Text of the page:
1 Then the Lord said to Noah, "Come into the ark, you and all your household, because I have seen that you are righteous before Me in this generation.
2 You shall take with you seven each of every clean animal, a male and his female; two each of animals that are unclean, a male and his female;
3 also seven each of birds of the air, male and female, to keep the species alive on the face of all the earth.
4 For after seven more days I will cause it to rain on the earth forty days and forty nights, and I will destroy from the face of the earth all living things that I have made."
12 He did not enter by means of the blood of goats and calves; but he entered the Most Holy Place once for all by his own blood, having obtained eternal redemption. 13 The blood of goats and bulls and the ashes of a heifer sprinkled on those who are ceremonially unclean sanctify them so that they are outwardly clean. 14 How much more, then, will the blood of Christ, who through the eternal Spirit offered himself unblemished to God, cleanse our consciences from acts that lead to death, so that we may serve the living God!
24 to Jesus the mediator of a new covenant, and to the sprinkled blood that speaks a better word than the blood of Abel.
4 For he chose us in him before the creation of the world to be holy and blameless in his sight. In love
22 But now he has reconciled you by Christ's physical body through death to present you holy in his sight, without blemish and free from accusation—
7 For God did not call us to be impure, but to live a holy life.
8 Come near to God and he will come near to you. Wash your hands, you sinners, and purify your hearts, you double-minded.
16 wash and make yourselves clean. Take your evil deeds out of my sight! Stop doing wrong, 17 learn to do right! Seek justice, encourage the oppressed. Defend the cause of the fatherless, plead the case of the widow.
5 because it is consecrated by the word of God and prayer.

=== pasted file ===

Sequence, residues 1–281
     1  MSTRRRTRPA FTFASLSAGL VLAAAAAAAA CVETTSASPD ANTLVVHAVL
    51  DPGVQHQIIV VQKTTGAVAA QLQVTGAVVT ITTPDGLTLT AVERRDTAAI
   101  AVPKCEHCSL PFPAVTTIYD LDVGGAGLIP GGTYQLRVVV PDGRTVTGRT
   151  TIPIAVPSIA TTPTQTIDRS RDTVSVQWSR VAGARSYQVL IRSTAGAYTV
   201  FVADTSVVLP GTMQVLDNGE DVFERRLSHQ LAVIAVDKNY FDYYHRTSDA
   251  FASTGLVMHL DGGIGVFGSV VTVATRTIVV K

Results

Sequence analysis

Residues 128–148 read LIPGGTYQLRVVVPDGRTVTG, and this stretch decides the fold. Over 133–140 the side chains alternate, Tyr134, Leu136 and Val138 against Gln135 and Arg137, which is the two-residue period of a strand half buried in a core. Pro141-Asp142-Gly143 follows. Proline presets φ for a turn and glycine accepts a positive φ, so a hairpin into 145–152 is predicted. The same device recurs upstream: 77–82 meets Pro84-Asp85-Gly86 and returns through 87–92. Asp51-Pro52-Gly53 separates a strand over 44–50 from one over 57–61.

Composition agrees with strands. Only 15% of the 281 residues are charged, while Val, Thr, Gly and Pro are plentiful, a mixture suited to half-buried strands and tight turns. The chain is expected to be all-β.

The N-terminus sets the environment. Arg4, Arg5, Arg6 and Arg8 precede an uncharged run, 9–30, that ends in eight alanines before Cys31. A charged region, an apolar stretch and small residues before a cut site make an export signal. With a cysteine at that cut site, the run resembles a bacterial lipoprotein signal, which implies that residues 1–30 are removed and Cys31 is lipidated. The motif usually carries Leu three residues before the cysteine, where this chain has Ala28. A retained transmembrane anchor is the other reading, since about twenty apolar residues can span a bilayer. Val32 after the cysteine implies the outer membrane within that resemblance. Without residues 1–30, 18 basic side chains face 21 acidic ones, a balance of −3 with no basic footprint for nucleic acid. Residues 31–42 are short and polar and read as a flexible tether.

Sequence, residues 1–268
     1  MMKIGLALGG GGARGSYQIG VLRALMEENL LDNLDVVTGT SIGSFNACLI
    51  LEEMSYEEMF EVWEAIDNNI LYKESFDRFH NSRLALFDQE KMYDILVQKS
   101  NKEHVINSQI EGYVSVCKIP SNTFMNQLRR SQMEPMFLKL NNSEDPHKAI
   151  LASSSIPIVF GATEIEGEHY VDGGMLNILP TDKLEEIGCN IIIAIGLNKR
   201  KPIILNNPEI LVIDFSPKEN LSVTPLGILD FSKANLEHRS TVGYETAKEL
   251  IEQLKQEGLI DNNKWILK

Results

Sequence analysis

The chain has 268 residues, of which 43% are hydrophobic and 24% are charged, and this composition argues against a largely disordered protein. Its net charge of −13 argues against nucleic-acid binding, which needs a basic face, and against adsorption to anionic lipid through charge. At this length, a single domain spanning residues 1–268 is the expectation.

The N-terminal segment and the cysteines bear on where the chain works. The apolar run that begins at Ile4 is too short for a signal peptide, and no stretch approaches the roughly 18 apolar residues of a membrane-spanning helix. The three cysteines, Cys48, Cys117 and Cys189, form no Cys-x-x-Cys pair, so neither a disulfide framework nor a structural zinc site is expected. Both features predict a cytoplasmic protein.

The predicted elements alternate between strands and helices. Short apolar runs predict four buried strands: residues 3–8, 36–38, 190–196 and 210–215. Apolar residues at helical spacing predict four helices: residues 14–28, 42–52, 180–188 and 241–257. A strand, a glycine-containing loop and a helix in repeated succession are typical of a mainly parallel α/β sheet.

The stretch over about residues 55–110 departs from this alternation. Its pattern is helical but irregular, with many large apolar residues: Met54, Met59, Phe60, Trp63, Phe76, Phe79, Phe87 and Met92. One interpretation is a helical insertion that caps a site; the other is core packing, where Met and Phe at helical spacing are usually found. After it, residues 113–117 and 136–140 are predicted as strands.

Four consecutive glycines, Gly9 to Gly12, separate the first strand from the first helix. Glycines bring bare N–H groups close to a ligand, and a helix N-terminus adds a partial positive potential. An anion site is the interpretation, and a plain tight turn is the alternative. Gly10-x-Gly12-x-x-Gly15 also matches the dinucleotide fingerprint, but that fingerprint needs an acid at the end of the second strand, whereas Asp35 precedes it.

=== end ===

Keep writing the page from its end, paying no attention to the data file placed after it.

11 And that is what some of you were. But you were washed, you were sanctified, you were justified in the name of the Lord Jesus Christ and by the Spirit of our God.
22 let us draw near to God with a sincere heart in full assurance of faith, having our hearts sprinkled to cleanse us from a guilty conscience and having our bodies washed with pure water.
22 The evil deeds of a wicked man ensnare him; the cords of his sin hold him fast.
18 For, as I have often told you before and now say again even with tears, many live as enemies of the cross of Christ. 19 Their destiny is destruction, their god is their stomach, and their glory is in their shame. Their mind is on earthly things.
8 The one who sows to please his sinful nature, from that nature will reap destruction; the one who sows to please the Spirit, from the Spirit will reap eternal life.
7 and give relief to you who are troubled, and to us as well. This will happen when the Lord Jesus is revealed from heaven in blazing fire with his powerful angels. 8 He will punish those who do not know God and do not obey the gospel of our Lord Jesus. 9 They will be punished with everlasting destruction and shut out from the presence of the Lord and from the majesty of his power 10 on the day he comes to be glorified in his holy people and to be marveled at among all those who have believed. This includes you, because you believed our testimony to you.
1 But there were also false prophets among the people, just as there will be false teachers among you. They will secretly introduce destructive heresies, even denying the sovereign Lord who bought them — bringing swift destruction on themselves. 2 Many will follow their shameful ways and will bring the way of truth into disrepute. 3 In their greed these teachers will exploit you with stories they have made up. Their condemnation has long been hanging over them, and their destruction has not been sleeping.
7 By the same word the present heavens and earth are reserved for fire, being kept for the day of judgment and destruction of ungodly men.
5 And Noah did according to all that the Lord commanded him.
6 Noah was six hundred years old when the floodwaters were on the earth.
7 So Noah, with his sons, his wife, and his sons' wives, went into the ark because of the waters of the flood.
8 Of clean animals, of animals that are unclean, of birds, and of everything that creeps on the earth,
9 two by two they went into the ark to Noah, male and female, as God had commanded Noah.
10 And it came to pass after seven days that the waters of the flood were on the earth.